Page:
Amazing. What are the chances of a retired cop “being there” compared to a regular citizen? Maybe they can help out with extra after-action report-taking, interviewing of witnesses, but they are not going to “be there when it counts” any more than before they retired:
Police argued that exempting retired and reserve officers from the citywide ban, which was passed earlier this year, would ensure they were equipped to face threats to public safety. In the throes of an attack, “wouldn’t you want some guy to stand up with a gun and be able to defend people?” asked Peter Repovich, director of the Los Angeles Police Protective League.
Feuer, the city attorney, also warned lawmakers against the idea: In a confidential report to the council obtained by The Times earlier this year, he said exempting retired officers would pose “significant legal risk” because it would be hard to show that it was “rationally related to a legitimate state interest.”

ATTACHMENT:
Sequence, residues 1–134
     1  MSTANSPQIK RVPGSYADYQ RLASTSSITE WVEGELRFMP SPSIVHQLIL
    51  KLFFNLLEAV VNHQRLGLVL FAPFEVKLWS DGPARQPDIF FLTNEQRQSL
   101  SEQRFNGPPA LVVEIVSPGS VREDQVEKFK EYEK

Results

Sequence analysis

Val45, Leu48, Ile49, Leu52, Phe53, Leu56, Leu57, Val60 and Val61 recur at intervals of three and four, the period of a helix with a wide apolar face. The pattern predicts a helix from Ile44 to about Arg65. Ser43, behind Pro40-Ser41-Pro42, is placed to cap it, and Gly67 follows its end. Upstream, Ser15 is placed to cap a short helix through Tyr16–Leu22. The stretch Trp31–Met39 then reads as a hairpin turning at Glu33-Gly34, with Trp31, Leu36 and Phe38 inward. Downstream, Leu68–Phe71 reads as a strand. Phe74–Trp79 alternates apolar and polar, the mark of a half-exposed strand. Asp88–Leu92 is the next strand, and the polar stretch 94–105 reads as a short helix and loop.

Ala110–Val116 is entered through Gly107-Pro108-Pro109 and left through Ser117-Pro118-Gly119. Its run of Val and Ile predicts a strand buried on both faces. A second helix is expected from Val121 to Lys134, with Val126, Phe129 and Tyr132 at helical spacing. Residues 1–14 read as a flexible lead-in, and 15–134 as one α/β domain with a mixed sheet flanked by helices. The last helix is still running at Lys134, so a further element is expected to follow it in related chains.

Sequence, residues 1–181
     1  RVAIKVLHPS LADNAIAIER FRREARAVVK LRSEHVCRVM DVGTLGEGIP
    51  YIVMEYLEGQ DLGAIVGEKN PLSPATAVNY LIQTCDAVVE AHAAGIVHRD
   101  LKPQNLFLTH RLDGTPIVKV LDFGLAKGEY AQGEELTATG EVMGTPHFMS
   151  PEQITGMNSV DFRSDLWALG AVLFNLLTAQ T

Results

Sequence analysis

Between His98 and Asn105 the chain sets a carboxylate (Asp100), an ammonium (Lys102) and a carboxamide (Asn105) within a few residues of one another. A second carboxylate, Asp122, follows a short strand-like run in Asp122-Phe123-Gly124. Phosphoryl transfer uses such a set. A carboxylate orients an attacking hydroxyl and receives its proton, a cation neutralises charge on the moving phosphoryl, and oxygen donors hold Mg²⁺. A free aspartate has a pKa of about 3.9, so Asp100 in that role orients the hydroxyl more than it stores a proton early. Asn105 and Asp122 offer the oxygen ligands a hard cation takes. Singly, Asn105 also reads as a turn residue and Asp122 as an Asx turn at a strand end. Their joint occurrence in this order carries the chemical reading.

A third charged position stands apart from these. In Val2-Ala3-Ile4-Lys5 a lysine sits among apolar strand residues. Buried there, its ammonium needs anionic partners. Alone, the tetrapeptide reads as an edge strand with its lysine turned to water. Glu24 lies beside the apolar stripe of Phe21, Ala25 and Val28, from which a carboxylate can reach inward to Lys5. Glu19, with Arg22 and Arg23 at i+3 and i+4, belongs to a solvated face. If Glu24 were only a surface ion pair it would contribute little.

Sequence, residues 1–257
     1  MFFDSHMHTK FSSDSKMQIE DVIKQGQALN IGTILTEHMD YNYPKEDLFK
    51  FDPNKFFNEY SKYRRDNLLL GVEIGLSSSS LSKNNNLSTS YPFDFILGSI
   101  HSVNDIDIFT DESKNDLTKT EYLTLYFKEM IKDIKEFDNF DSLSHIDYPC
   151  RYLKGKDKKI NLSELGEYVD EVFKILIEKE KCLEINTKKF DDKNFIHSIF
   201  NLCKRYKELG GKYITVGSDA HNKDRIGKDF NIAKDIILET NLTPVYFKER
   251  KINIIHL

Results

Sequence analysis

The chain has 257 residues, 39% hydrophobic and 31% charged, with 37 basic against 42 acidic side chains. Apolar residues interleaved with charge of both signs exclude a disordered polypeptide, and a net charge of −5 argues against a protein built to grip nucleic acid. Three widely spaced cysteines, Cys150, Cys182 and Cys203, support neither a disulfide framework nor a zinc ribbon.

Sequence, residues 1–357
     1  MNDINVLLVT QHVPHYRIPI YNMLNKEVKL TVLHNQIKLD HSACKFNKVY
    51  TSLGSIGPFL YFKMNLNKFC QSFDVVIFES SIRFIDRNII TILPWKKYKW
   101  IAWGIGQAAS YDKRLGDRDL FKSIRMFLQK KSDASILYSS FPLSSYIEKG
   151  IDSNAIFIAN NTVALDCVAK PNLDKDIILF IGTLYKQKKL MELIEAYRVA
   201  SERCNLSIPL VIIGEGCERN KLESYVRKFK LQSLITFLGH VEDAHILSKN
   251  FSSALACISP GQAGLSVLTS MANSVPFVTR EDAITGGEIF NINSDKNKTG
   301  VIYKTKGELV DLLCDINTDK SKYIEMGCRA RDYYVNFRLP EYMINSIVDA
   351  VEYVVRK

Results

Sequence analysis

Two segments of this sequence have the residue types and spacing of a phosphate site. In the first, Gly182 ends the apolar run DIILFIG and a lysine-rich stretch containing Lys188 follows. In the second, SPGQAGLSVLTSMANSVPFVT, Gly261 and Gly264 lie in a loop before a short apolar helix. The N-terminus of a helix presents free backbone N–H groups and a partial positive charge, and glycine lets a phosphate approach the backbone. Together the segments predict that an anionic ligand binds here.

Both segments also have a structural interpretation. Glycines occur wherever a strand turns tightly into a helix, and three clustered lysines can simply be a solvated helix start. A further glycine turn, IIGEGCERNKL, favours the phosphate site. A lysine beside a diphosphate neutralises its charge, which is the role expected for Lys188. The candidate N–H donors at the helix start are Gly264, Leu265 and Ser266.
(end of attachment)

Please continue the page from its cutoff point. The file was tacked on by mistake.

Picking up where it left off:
If attacked, do you want to be Victor or Victim?
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David R. Duringer, JD, LL.M, is a concealed firearm instructor and tax lawyer specializing in business and estate planning. He is managing shareholder at Protective Law Corporation, serving Southern California from its Laguna Hills (Orange County) headquarters and a satellite office in Coronado (San Diego County).
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